Dr. Kasper van GelderenLight Signaling and Cell Biology

We investigate how plant light perception and signaling is organized in the cell nucleus. Plants create sugars from light energy, therefore, light perception and responses are essential for plant life. Plants have evolved photoreceptors to sense light (quality) and act upon it.

Phytochromes are the main red light sensors in plants and phytochromes form small (~500nm) subnuclear bodies, which also contain supporting cofactors and downstream transcription factors. These subnuclear structures are called photobodies and they play an important role in regulating light responses. Importantly, phytochromeB (phyB) is not only required for light-, but also for temperature-sensing, suggesting that photobodies also play an important role for plant responses to ambient temperature. Despite their importance, it remains unclear how the formation of photobodies aids phytochrome signaling, how output specificity is achieved in response to divergent stimuli and how this information influences plant developmental decisions. The formation of nuclear bodies is a general process in the eukaryotic nucleus, and lessons learned from photobodies may help us understand nuclear organization in general. To tackle these fundamental questions we investigate the formation and responses of photobodies to light and temperature using an integrated approach of high resolution live imaging and biochemistry.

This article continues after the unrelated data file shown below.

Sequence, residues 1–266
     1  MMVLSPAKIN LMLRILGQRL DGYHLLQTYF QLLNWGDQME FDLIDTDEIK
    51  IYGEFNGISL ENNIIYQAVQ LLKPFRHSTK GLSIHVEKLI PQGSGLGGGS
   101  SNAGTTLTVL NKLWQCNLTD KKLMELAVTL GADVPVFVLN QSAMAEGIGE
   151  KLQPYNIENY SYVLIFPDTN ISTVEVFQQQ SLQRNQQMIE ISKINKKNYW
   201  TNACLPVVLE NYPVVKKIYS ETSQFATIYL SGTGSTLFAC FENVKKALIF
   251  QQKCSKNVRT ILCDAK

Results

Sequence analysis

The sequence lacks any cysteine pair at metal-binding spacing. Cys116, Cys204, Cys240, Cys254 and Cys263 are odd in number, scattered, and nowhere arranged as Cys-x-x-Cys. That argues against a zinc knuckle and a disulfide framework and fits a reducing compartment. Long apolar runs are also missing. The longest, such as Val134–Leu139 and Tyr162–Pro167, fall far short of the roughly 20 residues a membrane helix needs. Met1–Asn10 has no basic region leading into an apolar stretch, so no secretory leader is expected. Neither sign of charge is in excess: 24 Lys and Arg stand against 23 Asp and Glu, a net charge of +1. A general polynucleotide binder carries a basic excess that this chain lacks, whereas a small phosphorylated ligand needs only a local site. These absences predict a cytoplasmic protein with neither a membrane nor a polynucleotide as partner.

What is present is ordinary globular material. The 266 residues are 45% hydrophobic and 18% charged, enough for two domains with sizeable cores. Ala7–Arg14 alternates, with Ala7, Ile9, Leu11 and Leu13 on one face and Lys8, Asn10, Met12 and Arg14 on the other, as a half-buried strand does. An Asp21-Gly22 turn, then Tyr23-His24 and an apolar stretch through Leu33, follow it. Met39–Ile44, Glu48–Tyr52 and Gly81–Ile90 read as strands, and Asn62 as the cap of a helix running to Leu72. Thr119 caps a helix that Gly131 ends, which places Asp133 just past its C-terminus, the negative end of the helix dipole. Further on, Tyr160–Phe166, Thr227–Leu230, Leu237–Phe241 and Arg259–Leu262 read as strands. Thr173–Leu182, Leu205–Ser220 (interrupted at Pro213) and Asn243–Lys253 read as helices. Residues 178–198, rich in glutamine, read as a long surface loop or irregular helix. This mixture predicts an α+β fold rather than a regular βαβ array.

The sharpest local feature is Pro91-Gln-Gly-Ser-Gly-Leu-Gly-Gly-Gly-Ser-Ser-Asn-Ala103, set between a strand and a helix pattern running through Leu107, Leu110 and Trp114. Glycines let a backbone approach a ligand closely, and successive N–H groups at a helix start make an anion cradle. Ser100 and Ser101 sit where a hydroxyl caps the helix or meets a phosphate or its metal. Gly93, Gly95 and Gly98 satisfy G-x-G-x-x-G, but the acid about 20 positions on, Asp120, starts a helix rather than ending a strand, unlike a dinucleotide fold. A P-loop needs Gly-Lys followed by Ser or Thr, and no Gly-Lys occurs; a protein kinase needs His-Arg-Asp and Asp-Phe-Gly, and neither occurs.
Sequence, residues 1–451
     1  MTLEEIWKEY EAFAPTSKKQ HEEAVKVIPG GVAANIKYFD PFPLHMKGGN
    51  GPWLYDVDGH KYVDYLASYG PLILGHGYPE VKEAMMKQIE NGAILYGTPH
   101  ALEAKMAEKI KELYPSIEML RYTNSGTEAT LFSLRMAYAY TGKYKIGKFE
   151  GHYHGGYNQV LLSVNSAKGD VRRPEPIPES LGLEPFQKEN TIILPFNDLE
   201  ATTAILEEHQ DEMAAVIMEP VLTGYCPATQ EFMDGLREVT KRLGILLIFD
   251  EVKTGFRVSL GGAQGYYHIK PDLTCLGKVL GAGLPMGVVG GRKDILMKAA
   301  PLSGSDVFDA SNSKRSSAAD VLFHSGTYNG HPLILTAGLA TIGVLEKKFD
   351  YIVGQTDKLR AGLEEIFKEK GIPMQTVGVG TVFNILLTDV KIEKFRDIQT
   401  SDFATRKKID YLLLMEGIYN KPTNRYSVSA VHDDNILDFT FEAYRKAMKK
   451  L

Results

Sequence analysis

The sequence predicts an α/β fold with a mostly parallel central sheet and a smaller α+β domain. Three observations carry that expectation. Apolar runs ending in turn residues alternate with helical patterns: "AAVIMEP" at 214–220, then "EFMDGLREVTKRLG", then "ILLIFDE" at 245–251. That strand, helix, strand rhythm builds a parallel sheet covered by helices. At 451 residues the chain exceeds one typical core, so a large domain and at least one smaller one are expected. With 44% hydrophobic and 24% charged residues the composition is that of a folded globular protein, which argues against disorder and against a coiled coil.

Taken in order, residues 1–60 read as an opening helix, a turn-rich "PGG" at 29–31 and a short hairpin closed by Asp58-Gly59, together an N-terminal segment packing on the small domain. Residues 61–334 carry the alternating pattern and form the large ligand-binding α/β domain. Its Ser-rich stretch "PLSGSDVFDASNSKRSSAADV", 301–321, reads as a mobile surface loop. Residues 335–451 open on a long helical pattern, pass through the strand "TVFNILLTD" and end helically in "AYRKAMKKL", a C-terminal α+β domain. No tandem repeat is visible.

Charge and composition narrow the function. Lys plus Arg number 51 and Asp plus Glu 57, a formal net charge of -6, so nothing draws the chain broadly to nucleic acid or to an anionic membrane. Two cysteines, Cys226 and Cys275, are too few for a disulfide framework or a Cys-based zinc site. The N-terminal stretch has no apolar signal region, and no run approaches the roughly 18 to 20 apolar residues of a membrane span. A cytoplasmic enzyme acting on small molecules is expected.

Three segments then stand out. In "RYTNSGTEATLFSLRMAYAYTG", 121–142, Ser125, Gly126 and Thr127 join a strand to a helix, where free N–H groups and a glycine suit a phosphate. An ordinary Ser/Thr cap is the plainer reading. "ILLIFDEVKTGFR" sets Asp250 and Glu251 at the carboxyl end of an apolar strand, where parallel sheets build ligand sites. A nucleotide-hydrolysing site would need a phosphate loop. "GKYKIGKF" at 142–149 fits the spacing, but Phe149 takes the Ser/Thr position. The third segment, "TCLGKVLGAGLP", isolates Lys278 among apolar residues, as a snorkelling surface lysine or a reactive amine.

Model of phyB photobody formation

Our current projects

- Live Imaging of phyB photobodies

   - How do photobodies react to the environment?
   - How is photobody composition changing under different conditions?
   - How does phyB activity affect photobodies?

- phyB photobody biochemistry

   - What are photobodies made of?
   - How does liquid-liquid phase-separation help shape photobodies?
   - which molecular components drive phase separation?

- Development and phyB photobodies

   - Unpick the relation between phyB photobody signaling and development.
   - Can we disturb photobodies with new molecular biology (optogenetic) tools?

live imaging setup controlling light and temperature at the confocal microscope